The NoReturn type

Mypy provides support for functions that never return. For example, a function that unconditionally raises an exception:

from mypy_extensions import NoReturn

def stop() -> NoReturn:
    raise Exception('no way')

Mypy will ensure that functions annotated as returning NoReturn truly never return, either implicitly or explicitly. Mypy will also recognize that the code after calls to such functions is unreachable and will behave accordingly:

def f(x: int) -> int:
    if x == 0:
        return x
    return 'whatever works'  # No error in an unreachable block

Install mypy_extensions using pip to use NoReturn in your code. Python 3 command line:

python3 -m pip install --upgrade mypy-extensions

This works for Python 2:

pip install --upgrade mypy-extensions

Class name forward references

Python does not allow references to a class object before the class is defined. Thus this code does not work as expected:

def f(x: A) -> None:  # Error: Name A not defined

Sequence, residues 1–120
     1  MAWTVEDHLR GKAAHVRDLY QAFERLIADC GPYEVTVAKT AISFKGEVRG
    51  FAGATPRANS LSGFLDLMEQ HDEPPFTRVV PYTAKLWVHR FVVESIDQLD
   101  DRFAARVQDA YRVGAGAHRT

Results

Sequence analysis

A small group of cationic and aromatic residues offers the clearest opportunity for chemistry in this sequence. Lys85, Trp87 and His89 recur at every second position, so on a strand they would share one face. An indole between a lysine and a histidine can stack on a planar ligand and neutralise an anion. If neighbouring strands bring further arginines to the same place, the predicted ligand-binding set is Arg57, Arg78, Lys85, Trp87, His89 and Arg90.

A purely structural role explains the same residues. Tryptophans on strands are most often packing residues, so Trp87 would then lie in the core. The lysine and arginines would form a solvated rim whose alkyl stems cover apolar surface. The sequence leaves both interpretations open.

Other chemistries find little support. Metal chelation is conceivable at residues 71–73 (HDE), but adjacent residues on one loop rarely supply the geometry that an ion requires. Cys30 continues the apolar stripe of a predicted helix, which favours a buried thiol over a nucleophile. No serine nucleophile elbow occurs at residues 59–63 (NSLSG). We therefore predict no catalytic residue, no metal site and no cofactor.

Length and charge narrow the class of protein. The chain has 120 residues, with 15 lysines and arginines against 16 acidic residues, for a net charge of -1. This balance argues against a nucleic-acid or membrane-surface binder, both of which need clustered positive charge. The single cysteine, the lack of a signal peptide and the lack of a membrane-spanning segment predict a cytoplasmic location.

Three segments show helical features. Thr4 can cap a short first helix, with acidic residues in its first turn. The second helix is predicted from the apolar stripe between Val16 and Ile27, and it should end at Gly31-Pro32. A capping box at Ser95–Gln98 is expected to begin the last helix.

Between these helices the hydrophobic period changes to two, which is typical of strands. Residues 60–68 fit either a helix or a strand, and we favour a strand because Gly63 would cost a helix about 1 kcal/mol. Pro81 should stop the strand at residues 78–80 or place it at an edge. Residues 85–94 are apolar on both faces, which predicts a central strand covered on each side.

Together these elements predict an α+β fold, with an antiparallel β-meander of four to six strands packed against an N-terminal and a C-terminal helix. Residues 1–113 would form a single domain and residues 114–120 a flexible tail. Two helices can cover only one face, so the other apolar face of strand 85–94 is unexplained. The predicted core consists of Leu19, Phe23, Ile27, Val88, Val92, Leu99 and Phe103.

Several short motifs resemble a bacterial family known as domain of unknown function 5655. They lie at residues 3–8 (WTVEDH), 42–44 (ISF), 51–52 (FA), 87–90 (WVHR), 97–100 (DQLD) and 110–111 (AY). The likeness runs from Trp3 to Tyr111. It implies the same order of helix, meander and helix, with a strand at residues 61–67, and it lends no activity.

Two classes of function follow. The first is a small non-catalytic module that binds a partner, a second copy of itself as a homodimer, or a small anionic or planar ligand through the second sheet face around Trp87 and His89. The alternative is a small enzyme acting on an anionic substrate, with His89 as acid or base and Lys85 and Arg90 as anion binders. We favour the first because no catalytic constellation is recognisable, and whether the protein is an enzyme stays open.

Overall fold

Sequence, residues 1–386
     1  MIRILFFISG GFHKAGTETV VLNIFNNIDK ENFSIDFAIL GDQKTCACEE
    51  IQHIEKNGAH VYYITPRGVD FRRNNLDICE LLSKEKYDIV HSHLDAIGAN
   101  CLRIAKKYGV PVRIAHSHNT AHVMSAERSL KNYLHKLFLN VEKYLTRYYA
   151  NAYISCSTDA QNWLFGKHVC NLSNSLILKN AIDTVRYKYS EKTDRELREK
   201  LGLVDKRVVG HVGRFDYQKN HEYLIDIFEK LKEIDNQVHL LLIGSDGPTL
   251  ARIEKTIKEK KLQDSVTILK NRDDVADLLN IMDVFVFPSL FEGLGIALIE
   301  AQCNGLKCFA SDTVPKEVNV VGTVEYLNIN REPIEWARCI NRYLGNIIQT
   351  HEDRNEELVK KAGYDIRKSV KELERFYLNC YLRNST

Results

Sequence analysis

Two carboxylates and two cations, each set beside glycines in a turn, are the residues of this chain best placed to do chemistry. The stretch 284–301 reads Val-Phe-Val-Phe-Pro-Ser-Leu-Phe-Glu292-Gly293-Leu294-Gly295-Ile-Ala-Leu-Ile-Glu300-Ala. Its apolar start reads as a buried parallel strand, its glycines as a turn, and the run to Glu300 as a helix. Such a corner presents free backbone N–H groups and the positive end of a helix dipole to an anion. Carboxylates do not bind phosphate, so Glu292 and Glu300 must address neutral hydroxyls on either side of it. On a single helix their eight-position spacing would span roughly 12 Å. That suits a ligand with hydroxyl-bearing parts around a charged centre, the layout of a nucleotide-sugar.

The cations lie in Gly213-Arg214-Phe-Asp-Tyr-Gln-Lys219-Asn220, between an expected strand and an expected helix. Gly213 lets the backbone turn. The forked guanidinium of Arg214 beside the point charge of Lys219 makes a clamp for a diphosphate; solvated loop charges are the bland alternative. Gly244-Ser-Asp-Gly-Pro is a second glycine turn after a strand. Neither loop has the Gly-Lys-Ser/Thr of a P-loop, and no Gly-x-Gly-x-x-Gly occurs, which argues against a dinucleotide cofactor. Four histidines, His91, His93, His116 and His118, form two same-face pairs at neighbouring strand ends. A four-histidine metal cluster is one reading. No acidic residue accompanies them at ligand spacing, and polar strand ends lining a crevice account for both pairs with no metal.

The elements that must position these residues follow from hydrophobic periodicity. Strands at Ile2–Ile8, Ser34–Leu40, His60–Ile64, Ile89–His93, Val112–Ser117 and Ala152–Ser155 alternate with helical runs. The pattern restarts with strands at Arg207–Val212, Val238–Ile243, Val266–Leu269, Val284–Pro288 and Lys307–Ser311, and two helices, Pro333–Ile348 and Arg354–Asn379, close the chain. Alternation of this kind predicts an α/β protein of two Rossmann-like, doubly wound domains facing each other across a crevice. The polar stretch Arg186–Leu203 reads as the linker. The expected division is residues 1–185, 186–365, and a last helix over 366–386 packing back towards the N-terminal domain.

class A:

In cases like these you can enter the type as a string literal — this is a forward reference:

def f(x: 'A') -> None:  # OK

class A:

Of course, instead of using a string literal type, you could move the function definition after the class definition. This is not always desirable or even possible, though.

Any type can be entered as a string literal, and you can combine string-literal types with non-string-literal types freely:

def f(a: List['A']) -> None: ...  # OK
def g(n: 'int') -> None: ...      # OK, though not useful

class A: pass

String literal types are never needed in # type: comments.

String literal types must be defined (or imported) later in the same module. They cannot be used to leave cross-module references unresolved. (For dealing with import cycles, see Import cycles.)

Type aliases

In certain situations, type names may end up being long and painful to type: